If you were a kid of the nineties, you grew up reading Goosebumps books. If were are a kid of the nineties, you have got to see the Goosebumps movie. It is nostalgic, and it is relatable and just an all around fun film.
Before I got on, let me tell you that there are some spoilers in this review but not any major ones, so keep reading.
Goosebumps is clever, fun and frightening which his exactly what the series is. Believe me when I say you will not be disappointed.
The way that they tell the story is excellent. Jack Black stars at R.L Stine (1st spoiler) and his portrayal is enjoyably unique. I mean actually using Stine as a character (he also make a cameo), whose storyline propels the plot of the movie forward is a great idea and it works very well. In that, Stine is set up as a man who learned to escapes the dullness and loneliness of his life by writing these stories on a special typewriter, and because he does so, they come to life when the original manuscript is opened. And as you have probably already figured, that’s exactly what happens.
It is so cool to see all of his stories come to life on the big screen. From the Abominable Snowman of Pasadena to the movies real antagonist Slappy from Night of the Living Dummy, it is a thrill to watch.
And therein lies Goosebumps draw. For those who were avid followers of the book series, you get to relive what you have read and imagined in your mind a million times over. For those who know the name but have never read any of the books, you are entertained by the fact that you can maybe connect some of the stories your friend or siblings told you about to what you see on the screen. And if you have never read any of the books, it is a brand new experience that you can enjoy for the first time. For these reasons and so many more, Goosebumps is a must-see movie.
Along with R.L Stine’s character, the movie tells the story of Zach (Dylan Minnette from Scandal), a New York native who moves to Madison, Delaware thanks to his mother’s new job as vice principal of the local high school. Their new home in next door to a mysterious house with a girl that captivates Zach’s attention. Hannah, played by Odeya Rush, is a dark-haired beauty who spends her days being homeschooled by her father- R.L. Stine.
Due to Zach being a loner not really wanting to be in his new town, he finds adventure with a fellow classmate Champ (played by Ryan Lee) on the night of the school dance. He’s at home because he didn’t want to go and bored with his Aunt. So he occupies himself with the task of finding out what is going on at Hannah’s house as he heard screams. And that’s when the adventure starts.
Along with the twists and turns, I am very impressed with the amount of truly terrifying moments the movie possesses. Aside from being chased by a huge praying mantis or nearly being killed by a super scary snowman, the part of the movie that sends chills down your spine has to be, for me, the walk through the cemetery. Yes, there is a dark, scary, creepy cemetery scene that has all the thrills and screams you would imagine.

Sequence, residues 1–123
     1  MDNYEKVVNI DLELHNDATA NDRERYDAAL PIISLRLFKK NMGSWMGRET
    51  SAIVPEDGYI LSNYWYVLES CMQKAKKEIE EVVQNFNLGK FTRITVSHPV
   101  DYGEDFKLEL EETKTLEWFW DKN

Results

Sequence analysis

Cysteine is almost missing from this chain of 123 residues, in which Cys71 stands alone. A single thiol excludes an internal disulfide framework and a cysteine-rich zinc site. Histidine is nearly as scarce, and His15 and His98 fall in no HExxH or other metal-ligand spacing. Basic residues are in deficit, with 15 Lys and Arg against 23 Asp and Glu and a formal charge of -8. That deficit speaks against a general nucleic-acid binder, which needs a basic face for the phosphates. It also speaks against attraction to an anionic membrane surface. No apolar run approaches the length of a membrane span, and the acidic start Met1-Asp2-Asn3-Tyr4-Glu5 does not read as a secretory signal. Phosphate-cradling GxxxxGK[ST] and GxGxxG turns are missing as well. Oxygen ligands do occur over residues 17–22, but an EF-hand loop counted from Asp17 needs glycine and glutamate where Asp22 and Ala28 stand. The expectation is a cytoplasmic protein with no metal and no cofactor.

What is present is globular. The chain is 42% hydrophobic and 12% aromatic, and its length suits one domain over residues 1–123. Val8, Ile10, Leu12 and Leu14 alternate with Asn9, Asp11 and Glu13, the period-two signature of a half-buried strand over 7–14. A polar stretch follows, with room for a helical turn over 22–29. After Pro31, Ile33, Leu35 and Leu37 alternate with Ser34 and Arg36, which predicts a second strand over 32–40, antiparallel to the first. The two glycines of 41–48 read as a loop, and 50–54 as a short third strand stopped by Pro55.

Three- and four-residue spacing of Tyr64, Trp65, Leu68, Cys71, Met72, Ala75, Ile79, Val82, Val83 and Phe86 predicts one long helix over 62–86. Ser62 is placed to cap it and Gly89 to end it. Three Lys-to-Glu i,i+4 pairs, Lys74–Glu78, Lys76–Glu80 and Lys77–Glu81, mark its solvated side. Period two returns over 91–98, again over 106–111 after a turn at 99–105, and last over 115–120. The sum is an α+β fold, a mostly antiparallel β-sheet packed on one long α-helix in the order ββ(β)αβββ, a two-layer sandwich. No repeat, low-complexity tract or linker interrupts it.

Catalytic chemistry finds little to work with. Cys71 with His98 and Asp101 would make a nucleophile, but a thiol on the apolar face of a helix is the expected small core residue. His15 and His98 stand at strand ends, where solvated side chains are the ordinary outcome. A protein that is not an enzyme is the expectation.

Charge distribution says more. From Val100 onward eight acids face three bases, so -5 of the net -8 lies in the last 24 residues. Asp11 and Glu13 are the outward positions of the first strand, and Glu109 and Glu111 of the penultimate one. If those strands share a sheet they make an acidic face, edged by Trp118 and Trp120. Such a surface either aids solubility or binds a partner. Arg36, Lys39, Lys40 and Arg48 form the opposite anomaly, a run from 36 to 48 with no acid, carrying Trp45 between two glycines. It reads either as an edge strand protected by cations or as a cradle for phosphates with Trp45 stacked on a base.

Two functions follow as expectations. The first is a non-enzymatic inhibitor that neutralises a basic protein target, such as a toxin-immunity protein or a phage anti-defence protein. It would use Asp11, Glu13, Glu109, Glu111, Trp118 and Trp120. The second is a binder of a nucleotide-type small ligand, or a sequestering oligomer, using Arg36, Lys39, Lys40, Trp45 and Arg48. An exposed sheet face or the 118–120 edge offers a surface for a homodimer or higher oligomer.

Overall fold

The ending is satisfying as well and serves as the most obvious solution to a situation as big as the one the kids and Stine got themselves into. This movie is just as much for adults (especially since most grown folks today were children when the first book was published in 1992) as it is for kids. Regardless your age, you will get a kick out of Goosebumps and all that it has to offer.
There isn’t anything bad I can say about this movie. It is a great narrative about a beloved young adult series that is the cornerstone of so many lives. I give it four out of five stars.
Film Review: ‘Goosebumps’
Reviewed at the Grove, Los Angeles, Oct. 1, 2015. MPAA Rating: PG. Running time: 103 MIN.
PRODUCTION: A Sony Pictures Entertainment release of Columbia Pictures and Sony Pictures Animation presentation in association with LStar Capital and Village Roadshow Pictures of an Original Film and Scholastic Entertainment production. Produced by Deborah Forte, Neal H. Moritz. Executive producers, Tania Landau, Bill Bannerman, Ben Waisbren, Bruce Berman, Greg Basser. Co-producer, Greg Baxter.
CREW: Directed by Rob Letterman. Screenplay, Darren Lemke; story, Scott Alexander, Larry Karaszewski, based on the Scholastic Goosebumps Books written by R.L. Stine and created by Parachute Press. Camera (color, widescreen), Javier Aguirresarobe; editor, Jim May; music, Danny Elfman; production designer, Sean Haworth; art director, Dawn Snyder, Patrick Sullivan, Andrew White; set decorator, Frank Galline; costume designer, Judianna Makovsky; sound (Dolby Atmos), Mary Ellis; supervising sound editors, Ethan Van der Ryn, John Marquis; re-recording mixers, Kevin O’Connell, Beau Borders; makeup effects, Fionagh Cush; creature makeup effects, Stephen Prouty; creature design, Carlos Huante, Neville Page, Justin Fields; 3D scanning, Gentle Giant Studios; 3D conversion, Legend3D; visual effects supervisor, Erik Nordby; visual effects, MPC, Vitality; stunt coordinator, Stephen Pope; assistant director, Justin Muller; second unit director, George Aguilar; second unit camera, Lukasz Jogalla; casting, Jeanne McCarthy, Nicole Abellera.
WITH: Jack Black, Dylan Minnette, Odeya Rush, Amy Ryan, Ryan Lee, Jillian Bell, Halston Sage, Timothy Simons, Ken Marino, Amanda Lund, R.L. Stine